Tuesday, March 08, 2011

Marching Right Along

I’ve been reading a lot of sewing blogs lately – just trying to get back in the mood now that my sewing space is free from the Quilt That Ate Vancouver Watercolour Quilt. (Which I might add is pretty comfy-cosy to sleep under but is still shedding some lint.) One issue that I’ve noticed is probably the largest for sewers (I hate the term “sewist”) is pattern fitting. Some are getting much better at it and are willing to post their successes and failures to assist others who are learning this difficult art. But I wonder if they take it a little too far sometimes and over-fit? I can’t imagine how comfortable you can be in really tight-fitting garments unless of course they’re made with a knit. For me it’s much more about comfort than style. But then I probably have no style to speak of anyhow. This is the person who wears sweat pants and t-shirts and fleece nearly every day speaking here. However now I want to make at least some modest changes in my wardrobe. We’ll see how far I get, won’t we?

I think it’s fun that so many are into retro-fashions. Though I can’t imagine how they actually use real vintage patterns. Not only is the sizing different from today but garments were made to be worn with truly formidable undergarments! Girdles and long-line seriously boned bras:

conebra

Less restrictive than previous generations but much more than today’s little bra and panties sets. Exercising for body shape was not popular. Also fast food didn’t exist. Regular folks didn’t eat out very often and you cooked your own food from scratch. Body shapes were mostly more in the mid-range: neither as lean nor as fluffy as the two extremes are these days. I would imagine that there are a lot of pattern mods necessary, especially if the pattern isn’t available in your size. No wonder fitting is such a popular topic! Hopefully those killer undergarments will remain in the vault of time though there’s probably some out there who think they are the bees’ knees. LOL! Modern shapewear is truly comfortable in comparison and even it still makes me feel like a sausage. Ewww…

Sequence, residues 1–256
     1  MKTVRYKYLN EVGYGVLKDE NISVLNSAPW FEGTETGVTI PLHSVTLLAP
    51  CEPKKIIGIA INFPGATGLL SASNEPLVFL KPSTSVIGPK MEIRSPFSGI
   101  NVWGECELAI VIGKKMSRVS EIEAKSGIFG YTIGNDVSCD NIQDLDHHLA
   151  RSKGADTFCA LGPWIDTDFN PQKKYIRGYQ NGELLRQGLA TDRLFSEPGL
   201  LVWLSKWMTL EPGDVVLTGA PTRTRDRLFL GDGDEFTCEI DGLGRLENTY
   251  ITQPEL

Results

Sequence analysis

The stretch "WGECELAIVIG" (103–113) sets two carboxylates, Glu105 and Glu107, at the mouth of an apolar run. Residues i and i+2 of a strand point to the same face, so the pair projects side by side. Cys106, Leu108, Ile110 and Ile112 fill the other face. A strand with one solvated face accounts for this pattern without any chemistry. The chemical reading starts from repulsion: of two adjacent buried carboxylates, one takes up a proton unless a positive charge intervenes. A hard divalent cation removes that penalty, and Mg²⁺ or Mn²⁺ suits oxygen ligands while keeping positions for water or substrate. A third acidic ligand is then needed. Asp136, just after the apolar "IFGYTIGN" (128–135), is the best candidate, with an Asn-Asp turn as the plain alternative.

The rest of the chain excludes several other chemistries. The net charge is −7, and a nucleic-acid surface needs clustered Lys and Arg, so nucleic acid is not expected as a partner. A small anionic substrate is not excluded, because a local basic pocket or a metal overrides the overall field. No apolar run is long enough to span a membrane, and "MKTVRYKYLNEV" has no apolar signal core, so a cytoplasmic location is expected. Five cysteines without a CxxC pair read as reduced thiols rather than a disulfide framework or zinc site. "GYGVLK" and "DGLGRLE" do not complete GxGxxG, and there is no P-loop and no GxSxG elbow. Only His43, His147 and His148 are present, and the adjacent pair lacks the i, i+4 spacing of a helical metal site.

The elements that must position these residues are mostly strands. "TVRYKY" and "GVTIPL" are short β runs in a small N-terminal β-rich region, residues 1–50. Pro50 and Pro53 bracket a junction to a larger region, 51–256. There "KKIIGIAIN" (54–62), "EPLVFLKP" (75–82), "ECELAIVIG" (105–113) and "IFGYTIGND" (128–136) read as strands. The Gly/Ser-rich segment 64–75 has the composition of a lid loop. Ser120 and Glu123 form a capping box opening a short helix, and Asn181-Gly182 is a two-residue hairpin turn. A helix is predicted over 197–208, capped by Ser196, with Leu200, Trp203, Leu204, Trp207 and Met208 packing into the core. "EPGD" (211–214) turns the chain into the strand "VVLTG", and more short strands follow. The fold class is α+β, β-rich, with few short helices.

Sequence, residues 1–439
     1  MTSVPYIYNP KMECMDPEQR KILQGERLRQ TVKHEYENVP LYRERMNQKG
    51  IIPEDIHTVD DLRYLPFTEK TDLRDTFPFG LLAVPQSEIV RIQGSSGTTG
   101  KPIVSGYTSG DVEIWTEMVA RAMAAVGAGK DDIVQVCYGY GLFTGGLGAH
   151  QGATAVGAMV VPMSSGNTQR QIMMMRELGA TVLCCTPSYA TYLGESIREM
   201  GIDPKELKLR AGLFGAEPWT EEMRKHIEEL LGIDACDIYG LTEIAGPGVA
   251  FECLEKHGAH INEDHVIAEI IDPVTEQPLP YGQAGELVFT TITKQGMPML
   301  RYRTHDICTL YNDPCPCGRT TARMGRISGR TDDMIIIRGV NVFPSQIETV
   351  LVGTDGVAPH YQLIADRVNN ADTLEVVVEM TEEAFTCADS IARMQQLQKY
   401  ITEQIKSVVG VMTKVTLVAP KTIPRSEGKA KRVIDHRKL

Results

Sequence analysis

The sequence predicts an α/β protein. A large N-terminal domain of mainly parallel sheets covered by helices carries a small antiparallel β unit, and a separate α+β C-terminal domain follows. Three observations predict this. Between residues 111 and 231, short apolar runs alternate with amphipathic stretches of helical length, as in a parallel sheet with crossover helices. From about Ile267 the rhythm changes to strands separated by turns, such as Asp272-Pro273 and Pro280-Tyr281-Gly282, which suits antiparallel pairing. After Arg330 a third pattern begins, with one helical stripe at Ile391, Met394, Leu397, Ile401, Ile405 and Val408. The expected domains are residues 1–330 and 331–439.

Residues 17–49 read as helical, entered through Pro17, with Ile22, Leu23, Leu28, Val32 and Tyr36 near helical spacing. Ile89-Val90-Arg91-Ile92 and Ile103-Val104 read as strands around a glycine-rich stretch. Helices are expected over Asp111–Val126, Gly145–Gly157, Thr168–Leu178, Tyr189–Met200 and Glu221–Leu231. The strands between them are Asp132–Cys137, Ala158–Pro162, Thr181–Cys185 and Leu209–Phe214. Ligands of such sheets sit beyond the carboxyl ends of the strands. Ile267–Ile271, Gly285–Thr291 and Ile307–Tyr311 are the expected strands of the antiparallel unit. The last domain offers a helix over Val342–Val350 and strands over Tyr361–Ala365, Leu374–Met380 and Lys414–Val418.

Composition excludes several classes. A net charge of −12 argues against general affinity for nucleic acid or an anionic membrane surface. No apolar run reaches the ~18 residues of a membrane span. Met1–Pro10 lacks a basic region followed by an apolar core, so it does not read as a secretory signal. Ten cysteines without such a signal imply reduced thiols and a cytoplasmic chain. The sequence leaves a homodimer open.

Of course some of my old patterns would probably now be considered vintage. I still have a few from the 1960’s and ‘70’s which of course I can’t fit into nor would I want to wear them. I think I just hang onto them for nostalgia. A few from the ‘80’s and ‘90’s are TNT (tried ’n’ true) though I still have some I will never make. Perhaps I should donate them. They’re not in good enough shape or desirable enough to sell and really I just can’t be bothered. One day I’ll go through the boxes in the attic again and cull some more. Meanwhile, I have a lot of things I want to make so I had better get to it. But first some fitting. But not too much.

Speaking of projects, I’m nearly finished my Ambitus neckwarmer/cowl thingy. It should be done and blocked today. Also yesterday I finally cleaned up the leftover dyestuff from our Spectrum Browns episode last Thursday. The walnut goo was going mouldy again which encouraged me to finish it all up. So to that end, I decided to do a “make-do and mend” on my 40-year-old yellow wool blanket:

Blanket before

This was a wedding gift from a relative and though it’s thinning it still has some life in it. I used my nifty sharp stitch picker from Lee Valley Tools to remove the tatty satin binding and soaked the blanket in warm water in the washing machine. After gently extracting the water I scrunched it into my stainless steel warming tray:

Blanket scrunched

It weighs about a kilo and just fit in the pan. Next I brought the walnut goo (still with the husks in it) up to a simmer and then poured the hot stuff over the blanket using the strainer to catch the husks. Then I brought the leftover cutch up to a boil and poured it over too. Luckily both walnut and cutch are substantive dyes and though they are perhaps more colourfast with a mordant, they don’t actually need one so I didn’t bother. Here it is simmering on the dye stove:

Blanket dyeing

It fits over two of the burners though I have to keep turning it around because one is large and the other small so it gets hotter in one area than the other. Works pretty slick though. Yes, I know it’s kind of an odd colour. T-Man calls it Root Beer so that has become it’s name. I have no idea what exact shades it will be when I rinse it. I left it overnight to cool and absorb so I’ll be dealing with this later this afternoon. Might be lovely and might be yuck! It doesn’t matter anyhow because it will be used on the bed between layers so nobody will see it but me when I make the bed. It also needs some serious binding on all four edges so that might be a good area to apply some brighter colour(s). I haven’t decided what to use for that yet. More anon. Oh, nearly forgot. What did I do with the red sandalwood? Ummm…nothing. It’s still in a pail with a lid on it. Sulking.

Before I go, thought you might like to see what my Japanese indigo babies look like:

JapaneseIndigo babies

Aren’t they cute? Thanks for the seeds, Nancy in Virginia!

2 comments:

evelynoldroyd said...

I am going to try japanese indigo this year as well - just waiting for my seeds to arrive. Perhaps a bit late already?

Louisa said...

I'm sure you have plenty of time still to plant your seeds. I was a little early (OK a lot early!) off the mark and will be either planting things too soon or waiting too long until the beds are ready. Spring has been slow to arrive for the last few years.